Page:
Franchising manifests a bundle of risks created by the delegation of functions as both franchisor and franchisee exploit their respective comparative advantage. The galvanization of this advantage is governed by the franchise agreement and optimized by the effectiveness of the governance structure. This chapter considers the concept of risk and discusses its implications in valuing franchisee-operated businesses. It examines how risks arise, where they congregate and synthesizes the specific franchising issues relating to risk-adjusted cashflows, risk analysis, risk mitigation, and risk pricing. The authors propose that risks in franchising are multi-layered and hierarchical. Consequently, this relationship is represented in a Franchise Risk Ecology (FRE) comprising risks inherent in the market, the franchisor, the system, the industry, and within the franchisee-operated business.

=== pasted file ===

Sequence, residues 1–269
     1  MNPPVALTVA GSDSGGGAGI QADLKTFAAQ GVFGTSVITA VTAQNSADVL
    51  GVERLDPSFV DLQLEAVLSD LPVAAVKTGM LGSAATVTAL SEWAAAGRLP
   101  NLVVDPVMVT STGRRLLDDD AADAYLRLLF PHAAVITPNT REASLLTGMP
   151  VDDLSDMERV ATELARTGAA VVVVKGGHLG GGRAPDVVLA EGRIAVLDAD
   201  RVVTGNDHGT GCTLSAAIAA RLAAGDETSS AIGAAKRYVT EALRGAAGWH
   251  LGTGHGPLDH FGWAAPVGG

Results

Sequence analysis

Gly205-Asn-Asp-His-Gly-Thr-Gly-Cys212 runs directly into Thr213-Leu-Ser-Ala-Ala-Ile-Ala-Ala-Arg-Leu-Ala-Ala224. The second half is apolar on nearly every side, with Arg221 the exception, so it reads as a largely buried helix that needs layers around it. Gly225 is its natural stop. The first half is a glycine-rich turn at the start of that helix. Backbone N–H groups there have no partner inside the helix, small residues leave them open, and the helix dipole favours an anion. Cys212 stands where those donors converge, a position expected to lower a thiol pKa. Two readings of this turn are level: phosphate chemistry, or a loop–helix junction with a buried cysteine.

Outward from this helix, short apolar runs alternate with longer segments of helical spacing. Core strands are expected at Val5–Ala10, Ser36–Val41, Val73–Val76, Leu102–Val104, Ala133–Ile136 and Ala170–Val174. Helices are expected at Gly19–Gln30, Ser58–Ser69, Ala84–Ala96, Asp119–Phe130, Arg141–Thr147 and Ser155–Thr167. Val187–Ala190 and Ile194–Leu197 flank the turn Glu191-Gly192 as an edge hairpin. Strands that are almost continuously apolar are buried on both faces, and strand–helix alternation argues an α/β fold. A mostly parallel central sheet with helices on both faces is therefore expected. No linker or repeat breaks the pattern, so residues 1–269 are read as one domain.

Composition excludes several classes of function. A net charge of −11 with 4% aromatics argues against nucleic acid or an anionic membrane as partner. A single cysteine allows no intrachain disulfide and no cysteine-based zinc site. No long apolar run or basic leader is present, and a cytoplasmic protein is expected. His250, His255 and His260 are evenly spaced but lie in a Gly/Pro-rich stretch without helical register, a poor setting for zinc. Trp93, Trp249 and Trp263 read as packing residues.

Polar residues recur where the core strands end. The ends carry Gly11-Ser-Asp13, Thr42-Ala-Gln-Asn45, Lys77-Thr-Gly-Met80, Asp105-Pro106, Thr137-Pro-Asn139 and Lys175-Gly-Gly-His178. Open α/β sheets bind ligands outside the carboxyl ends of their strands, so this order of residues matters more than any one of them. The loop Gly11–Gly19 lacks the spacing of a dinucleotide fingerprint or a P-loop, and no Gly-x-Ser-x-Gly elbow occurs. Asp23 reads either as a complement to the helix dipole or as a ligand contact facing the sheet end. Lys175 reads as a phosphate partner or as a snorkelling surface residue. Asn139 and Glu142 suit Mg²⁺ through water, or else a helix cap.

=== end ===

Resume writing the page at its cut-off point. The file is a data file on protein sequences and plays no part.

Roussety, M., Frazer, L., Weaven, S. and Thaichon, P. (2020), "Franchise Risk Ecology: A Risk Ecology for Analyzing, Mitigating, and Pricing Franchisee-contracted Risks", Ratten, V. (Ed.) Entrepreneurial Opportunities, Emerald Publishing Limited, pp. 117-131. https://doi.org/10.1108/978-1-83909-285-520201009Download as .RIS
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